What Are Liquidated Damages in Construction Contracts?

March 8, 2024

Liquidated damages clauses are commonly included in construction contracts as a way to define risk and make the project more manageable. The provisions often manifest as a set fee per unit of time in the event of a missed schedule milestone such as Substantial Completion. While these provisions offer benefits to both parties, they are not without risks.

Contractors are often reluctant to accept liquidated damage provision and seek to remove them from their contract agreements. However, this is not necessarily a good idea as proving actual delay costs through the traditional dispute resolution process can be difficult and costly for owners and contractors alike.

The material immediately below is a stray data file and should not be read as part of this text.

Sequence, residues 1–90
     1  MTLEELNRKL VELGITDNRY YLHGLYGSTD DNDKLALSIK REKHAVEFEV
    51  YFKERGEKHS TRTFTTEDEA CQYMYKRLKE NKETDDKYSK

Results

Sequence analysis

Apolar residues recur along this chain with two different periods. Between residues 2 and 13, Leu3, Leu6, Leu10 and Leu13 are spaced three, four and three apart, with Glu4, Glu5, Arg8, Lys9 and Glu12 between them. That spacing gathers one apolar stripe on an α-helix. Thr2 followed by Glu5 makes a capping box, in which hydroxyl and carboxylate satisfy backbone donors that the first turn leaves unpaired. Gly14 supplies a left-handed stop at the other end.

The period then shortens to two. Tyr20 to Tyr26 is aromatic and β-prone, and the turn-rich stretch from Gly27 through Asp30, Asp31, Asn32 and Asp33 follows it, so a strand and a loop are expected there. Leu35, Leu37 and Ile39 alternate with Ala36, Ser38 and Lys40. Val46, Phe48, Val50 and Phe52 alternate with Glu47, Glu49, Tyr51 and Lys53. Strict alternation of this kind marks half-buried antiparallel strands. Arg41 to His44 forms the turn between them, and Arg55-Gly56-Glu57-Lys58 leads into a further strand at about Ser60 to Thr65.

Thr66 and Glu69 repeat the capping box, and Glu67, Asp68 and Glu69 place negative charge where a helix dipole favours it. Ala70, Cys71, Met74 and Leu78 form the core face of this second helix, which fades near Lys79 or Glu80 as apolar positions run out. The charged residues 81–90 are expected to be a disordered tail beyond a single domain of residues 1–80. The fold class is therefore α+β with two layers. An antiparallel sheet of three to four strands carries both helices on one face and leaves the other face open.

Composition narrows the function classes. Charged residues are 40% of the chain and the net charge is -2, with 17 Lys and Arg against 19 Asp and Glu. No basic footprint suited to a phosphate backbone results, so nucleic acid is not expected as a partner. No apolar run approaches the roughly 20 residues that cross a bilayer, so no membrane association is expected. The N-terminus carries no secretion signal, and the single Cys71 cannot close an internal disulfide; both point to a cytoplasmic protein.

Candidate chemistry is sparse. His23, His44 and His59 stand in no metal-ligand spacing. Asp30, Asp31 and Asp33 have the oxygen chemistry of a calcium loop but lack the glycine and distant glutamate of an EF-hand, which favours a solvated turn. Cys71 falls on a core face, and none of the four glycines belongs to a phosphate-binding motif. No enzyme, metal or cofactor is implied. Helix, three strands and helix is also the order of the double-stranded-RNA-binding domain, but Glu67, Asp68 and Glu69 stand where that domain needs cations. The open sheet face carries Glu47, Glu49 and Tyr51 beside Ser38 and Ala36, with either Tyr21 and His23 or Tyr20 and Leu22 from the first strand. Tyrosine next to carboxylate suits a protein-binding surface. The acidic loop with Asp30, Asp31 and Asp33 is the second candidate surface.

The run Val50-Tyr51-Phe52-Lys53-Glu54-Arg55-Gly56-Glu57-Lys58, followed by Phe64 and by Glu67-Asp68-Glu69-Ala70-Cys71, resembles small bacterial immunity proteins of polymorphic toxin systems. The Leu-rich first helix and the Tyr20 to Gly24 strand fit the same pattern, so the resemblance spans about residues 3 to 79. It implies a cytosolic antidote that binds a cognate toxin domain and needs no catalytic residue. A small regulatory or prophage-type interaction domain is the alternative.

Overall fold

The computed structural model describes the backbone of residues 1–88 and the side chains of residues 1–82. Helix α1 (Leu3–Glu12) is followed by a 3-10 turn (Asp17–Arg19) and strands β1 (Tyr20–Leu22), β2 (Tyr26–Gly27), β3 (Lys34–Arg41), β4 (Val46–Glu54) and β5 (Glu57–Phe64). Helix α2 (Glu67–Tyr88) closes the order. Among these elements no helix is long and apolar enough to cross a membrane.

The key to successfully establishing a liquidated damages (LD) clause is that it must be based on a reasonable estimate of the owner’s probable losses, rather than an attempt to penalize a contractor. This determination must adhere to strict court requirements in order for the LD provisions to hold up in court. Otherwise, a judge could invalidate the provision altogether.

MJD Solicitors regularly deals with disputes relating to the use of LDs and we are aware that there is much misinformation about them. Many misunderstandings surround the way in which they are calculated. In order for a LD provision to be enforced, it must be clearly set out in the contract and the calculation method must be clearly articulated and documented. The provision must also be ‘commercially justifiable’. If the amount is not deemed reasonable and fair, it will be unenforceable.


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